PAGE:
A lender that has not and will not be included as a loss payee on any insurance policy may be exempted from the resident agent requirement. An applicant that wishes to obtain an exemption must clearly state in its business plan that it is not a loss payee on any insurance policy and must upload a statement that it will not be designated as a loss payee on any insurance policy. A lender that obtains an exemption should expect that compliance will be evaluated on examination.
Change in Ownership
Any change in ownership of 25% or more of the voting stock or equity interests of a licensee requires notification to the Department 15 days after such a change in ownership. Notification must be made in NMLS. With the notice of a change in ownership, the licensee must submit information requested relating to the new owner(s) and new directors, officers and managers, including names, addresses and personal background information. If the new owner(s) and new directors, officers and managers have the financial responsibility, experience, character and general fitness as required of an applicant, the Department will approve such change in control. The Department will approve or deny such a change in control within 30 days of receipt of all information the Department requires to be filed to make such a determination.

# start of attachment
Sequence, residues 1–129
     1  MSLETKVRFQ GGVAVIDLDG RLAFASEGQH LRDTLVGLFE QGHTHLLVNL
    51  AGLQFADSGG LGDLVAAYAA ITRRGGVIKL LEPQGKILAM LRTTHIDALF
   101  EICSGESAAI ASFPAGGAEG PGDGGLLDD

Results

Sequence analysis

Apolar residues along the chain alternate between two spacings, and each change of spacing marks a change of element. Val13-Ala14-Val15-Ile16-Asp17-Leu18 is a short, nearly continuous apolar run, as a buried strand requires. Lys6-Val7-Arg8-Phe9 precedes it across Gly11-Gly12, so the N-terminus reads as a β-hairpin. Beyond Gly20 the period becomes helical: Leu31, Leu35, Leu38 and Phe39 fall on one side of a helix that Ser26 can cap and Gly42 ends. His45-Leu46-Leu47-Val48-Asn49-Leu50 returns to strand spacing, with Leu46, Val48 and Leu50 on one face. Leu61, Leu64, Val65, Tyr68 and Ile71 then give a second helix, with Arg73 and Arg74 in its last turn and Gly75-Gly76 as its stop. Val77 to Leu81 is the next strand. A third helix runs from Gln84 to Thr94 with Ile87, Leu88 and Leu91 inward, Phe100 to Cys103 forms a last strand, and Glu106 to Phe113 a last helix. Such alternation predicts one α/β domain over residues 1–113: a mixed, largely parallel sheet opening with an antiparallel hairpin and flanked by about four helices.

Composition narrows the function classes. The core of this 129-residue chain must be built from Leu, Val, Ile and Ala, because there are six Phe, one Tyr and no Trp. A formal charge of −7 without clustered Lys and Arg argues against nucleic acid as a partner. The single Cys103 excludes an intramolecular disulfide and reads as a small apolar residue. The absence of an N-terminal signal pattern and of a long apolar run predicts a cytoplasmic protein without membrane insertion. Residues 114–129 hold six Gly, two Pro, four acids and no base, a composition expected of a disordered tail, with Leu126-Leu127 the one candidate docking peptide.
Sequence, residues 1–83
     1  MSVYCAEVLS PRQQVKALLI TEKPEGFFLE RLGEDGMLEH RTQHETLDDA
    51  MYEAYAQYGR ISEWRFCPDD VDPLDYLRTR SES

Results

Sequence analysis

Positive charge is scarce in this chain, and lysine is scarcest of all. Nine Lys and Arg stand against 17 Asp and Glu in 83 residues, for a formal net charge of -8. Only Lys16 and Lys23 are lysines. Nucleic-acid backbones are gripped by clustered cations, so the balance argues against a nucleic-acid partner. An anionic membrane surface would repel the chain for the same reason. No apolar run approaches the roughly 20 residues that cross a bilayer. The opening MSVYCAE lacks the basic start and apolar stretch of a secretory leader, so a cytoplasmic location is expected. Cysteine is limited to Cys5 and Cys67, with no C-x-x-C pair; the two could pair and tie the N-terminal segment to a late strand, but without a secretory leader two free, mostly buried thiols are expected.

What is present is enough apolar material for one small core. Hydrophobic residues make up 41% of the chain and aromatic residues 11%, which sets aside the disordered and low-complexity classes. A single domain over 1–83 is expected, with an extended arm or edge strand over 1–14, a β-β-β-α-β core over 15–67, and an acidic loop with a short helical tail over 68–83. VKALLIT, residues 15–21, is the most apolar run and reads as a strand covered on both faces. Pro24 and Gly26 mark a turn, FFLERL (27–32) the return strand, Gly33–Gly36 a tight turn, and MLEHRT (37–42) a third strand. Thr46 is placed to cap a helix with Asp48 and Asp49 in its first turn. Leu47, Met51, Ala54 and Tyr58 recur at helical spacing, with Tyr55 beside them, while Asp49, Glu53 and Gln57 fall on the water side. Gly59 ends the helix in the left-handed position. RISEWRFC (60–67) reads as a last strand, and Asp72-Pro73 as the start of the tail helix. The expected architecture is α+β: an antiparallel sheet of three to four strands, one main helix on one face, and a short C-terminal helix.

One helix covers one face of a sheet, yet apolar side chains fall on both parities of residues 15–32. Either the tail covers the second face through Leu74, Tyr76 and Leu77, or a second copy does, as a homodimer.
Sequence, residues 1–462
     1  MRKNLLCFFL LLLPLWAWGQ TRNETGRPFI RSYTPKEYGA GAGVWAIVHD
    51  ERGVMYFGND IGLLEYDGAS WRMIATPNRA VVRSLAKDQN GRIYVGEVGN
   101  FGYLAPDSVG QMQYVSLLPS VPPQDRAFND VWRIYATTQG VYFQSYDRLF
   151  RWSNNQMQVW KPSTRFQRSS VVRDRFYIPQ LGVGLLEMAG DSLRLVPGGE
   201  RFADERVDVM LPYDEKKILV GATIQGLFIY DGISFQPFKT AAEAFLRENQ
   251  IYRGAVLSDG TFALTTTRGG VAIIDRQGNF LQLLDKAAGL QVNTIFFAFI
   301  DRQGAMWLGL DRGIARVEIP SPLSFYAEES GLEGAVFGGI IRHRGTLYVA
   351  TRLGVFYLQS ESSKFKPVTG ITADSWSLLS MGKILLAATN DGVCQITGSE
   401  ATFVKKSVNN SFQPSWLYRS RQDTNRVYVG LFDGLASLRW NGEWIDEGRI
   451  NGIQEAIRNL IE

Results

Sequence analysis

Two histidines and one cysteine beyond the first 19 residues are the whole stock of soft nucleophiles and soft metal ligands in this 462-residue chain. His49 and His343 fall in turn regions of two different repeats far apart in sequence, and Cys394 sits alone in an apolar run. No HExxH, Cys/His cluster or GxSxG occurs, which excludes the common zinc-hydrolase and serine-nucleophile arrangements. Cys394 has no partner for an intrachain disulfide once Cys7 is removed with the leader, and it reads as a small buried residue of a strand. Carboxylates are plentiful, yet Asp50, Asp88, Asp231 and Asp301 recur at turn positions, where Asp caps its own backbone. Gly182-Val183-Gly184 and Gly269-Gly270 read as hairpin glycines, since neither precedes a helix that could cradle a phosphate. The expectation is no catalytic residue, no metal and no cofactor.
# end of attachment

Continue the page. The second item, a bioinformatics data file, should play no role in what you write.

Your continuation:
Each licensee must include in all advertisements disseminated primarily in Rhode Island words substantially similar to “Rhode Island Licensed Lender”, “Rhode Island Licensed Loan Broker”, Rhode Island Licensed Small Loan Lender” and/or “Rhode Island Licensed Mortgage Servicer” whichever is applicable.
Mortgage Loan Originators
All MLO’s must make application for a license and all changes in NMLS. Any changes to the information provided must be reported to the Department, within 30 days through an NMLS filing.
An MLO may not originate any loan in Rhode Island unless that MLO has an active sponsorship with a properly licensed lender or loan broker or an entity explicitly exempt from licensure.
An MLO may not participate in a net branching arrangement as described above. Participation in such an arrangement may result in administrative action against the MLO including suspension or revocation and/or forfeiture of interest, fees and charges.